Dr. Gesink's Image Gallery Page 5


Gur-i Mire Mausoleum, Samarqand, Uzbekistan (Art of Central Asia, 1965).  The Gur-Emir mausoleum, built by Timur in 1403-4, contains the cenotaphs of Timur, two of his sons, and his grandson Ulugh-beg.  This structure illustrates the brick construction and simple geometric tile designs that were characteristic of early Central Asian Timurid-Mongol architecture.  Unfortunately, brick does not last as long as stone or glazed tile, so few Mongol structures  still exist.    
Ulugh-beg Madrasah, Bukhara, Uzbekistan (Aga Khan MIT Visual Archive).  This is a madrasah school built by Timur's grandson Ulugh-beg in 1417.  The remains of a blue-glazed floral design on the facade and the pointed arches of this madrasah suggest that the artisans who built it were trained in Persianate traditions of architectural ornamentation. 

Bukhara was one of the first cities of central Asia to fall to the Mongols in the 1200s.  It was completely destroyed, its buildings razed to the ground and its people killed, save only the officials, scribes, merchants, and artisans.  The artisans were then shipped to different regions of the Mongol Khanates and put to work reconstructing the cities. Likewise, scribes were made to keep extensive records of the attacks and rebuilding efforts, officials were sent to administer regions far from their homes, and merchants of conquered cities helped maintain their conquerors' vast trade network.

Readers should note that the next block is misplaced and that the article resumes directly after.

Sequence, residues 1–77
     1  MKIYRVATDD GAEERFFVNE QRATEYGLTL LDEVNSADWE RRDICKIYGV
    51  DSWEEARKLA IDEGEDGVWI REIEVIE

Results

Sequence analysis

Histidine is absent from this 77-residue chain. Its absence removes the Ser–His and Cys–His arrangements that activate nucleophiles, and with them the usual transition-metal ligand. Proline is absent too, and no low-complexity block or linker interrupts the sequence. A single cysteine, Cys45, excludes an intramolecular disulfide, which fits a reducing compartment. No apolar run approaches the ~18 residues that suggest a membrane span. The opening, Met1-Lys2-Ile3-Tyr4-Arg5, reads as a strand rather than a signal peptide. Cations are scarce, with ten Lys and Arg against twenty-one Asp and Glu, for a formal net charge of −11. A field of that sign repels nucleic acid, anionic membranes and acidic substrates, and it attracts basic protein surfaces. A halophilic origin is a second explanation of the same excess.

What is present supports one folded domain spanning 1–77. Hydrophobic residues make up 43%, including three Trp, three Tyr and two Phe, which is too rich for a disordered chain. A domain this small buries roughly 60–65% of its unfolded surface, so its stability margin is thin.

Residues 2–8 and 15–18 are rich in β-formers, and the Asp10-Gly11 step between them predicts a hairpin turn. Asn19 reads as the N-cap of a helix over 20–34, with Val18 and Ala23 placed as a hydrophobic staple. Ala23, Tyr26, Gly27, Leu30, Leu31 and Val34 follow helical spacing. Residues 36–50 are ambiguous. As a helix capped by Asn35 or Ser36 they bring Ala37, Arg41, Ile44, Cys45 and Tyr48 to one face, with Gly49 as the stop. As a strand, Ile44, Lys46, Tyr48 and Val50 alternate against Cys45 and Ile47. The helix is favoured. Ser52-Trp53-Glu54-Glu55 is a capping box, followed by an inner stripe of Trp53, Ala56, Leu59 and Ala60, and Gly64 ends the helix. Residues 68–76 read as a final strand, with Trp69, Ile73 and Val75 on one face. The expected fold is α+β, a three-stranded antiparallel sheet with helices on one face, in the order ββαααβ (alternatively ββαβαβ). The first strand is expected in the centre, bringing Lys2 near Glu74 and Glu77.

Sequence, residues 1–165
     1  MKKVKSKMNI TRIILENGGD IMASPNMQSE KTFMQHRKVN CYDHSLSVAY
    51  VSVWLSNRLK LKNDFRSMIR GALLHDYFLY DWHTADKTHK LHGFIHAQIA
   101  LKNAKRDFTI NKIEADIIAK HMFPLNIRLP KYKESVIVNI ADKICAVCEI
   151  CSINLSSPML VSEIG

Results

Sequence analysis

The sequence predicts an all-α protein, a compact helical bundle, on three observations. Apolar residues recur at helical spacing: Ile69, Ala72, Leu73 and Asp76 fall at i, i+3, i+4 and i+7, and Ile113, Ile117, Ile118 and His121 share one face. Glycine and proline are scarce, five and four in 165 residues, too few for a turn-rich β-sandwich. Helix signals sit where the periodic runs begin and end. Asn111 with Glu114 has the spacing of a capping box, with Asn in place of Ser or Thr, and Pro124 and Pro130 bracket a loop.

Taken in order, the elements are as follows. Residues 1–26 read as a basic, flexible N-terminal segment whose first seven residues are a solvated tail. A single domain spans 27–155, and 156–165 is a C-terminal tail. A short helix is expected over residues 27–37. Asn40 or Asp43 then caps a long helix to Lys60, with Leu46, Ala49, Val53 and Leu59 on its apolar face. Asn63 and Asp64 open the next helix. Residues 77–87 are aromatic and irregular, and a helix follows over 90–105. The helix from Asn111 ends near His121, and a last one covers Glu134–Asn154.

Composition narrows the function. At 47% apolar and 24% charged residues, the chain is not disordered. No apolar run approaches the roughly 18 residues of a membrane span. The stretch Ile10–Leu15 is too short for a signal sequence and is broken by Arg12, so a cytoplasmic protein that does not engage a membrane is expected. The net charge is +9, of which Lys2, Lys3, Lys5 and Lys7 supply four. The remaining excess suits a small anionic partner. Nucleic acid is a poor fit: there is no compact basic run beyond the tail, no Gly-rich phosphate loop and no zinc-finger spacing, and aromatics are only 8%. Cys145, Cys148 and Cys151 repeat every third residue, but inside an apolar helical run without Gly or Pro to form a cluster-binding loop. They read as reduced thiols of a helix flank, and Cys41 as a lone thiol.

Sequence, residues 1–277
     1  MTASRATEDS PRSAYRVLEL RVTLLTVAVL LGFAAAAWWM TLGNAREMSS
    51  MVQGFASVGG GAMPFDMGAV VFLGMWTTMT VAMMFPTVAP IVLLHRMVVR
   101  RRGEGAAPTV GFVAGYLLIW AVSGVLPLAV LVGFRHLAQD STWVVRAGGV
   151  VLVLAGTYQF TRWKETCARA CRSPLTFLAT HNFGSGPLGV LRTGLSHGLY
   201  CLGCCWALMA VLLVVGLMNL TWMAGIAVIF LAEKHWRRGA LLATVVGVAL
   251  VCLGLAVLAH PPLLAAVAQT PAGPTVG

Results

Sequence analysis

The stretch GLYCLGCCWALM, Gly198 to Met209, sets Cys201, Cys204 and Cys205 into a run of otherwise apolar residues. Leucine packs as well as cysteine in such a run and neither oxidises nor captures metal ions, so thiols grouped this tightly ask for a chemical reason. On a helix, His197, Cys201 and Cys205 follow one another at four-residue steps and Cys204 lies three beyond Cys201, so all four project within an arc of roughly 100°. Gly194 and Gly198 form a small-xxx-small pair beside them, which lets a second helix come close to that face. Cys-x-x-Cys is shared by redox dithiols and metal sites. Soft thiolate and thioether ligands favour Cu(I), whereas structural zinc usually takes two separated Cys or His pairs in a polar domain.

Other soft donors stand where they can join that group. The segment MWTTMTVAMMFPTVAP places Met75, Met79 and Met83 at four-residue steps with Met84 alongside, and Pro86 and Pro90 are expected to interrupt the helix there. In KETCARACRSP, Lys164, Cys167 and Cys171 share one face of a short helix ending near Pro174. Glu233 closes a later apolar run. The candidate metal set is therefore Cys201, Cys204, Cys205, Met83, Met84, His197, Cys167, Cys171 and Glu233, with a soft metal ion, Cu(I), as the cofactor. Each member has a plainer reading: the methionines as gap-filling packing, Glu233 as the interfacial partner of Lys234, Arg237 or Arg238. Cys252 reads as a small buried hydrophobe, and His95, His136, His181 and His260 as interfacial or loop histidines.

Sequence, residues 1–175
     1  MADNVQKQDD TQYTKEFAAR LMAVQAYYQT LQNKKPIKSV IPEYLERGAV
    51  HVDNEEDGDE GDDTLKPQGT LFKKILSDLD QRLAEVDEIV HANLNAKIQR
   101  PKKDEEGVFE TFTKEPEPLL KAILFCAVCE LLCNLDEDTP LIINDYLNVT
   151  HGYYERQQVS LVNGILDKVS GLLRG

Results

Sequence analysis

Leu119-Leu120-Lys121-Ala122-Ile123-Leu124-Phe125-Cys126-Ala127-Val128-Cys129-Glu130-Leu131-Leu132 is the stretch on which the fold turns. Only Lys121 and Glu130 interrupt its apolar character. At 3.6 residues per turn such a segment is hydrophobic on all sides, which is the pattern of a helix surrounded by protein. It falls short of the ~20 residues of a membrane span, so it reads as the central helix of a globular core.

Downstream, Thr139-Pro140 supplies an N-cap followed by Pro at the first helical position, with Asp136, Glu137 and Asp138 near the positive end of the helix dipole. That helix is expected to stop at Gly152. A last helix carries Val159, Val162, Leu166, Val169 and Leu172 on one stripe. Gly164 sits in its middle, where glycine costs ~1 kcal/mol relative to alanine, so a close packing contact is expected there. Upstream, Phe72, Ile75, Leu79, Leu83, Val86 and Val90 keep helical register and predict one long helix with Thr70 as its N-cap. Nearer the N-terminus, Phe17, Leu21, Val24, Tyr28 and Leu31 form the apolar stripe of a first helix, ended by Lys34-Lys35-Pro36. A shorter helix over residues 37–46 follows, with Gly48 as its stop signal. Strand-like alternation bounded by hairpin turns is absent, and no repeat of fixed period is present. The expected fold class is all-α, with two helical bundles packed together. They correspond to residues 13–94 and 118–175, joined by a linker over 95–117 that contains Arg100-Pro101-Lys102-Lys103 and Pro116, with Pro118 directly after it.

Note the sophistication of the decorative tile work, as compared to that of the Gur-i Mire (above). 


Jam' Minaret (Afghanistan Photo Gallery).  This 227-foot minaret is over 800 years old, which means it survived the Mongol invasions.

Mosque in Mazar-i-sharif, Afghanistan (Afghanistan Photo Gallery).   The most striking feature of the more recent Afghan mosques is the use of vibrantly-colored ceramic tiles, similar to the Persianate traditions of mosque ornamentation.  The low tapered domes in this mosque seem to recall those of some early Timurid structures, such as the Ulugh Beg Madrasah above. 
Panorama of Kabul (Afghanistan Photo Gallery).  Note the low dome of the mosque, the blue coloring (as opposed to the gilt or carved stone of the Dome of the Rock and the Mamluk monuments), and the rounded cap on the minaret.
Copyright 1999 Indira Falk Gesink

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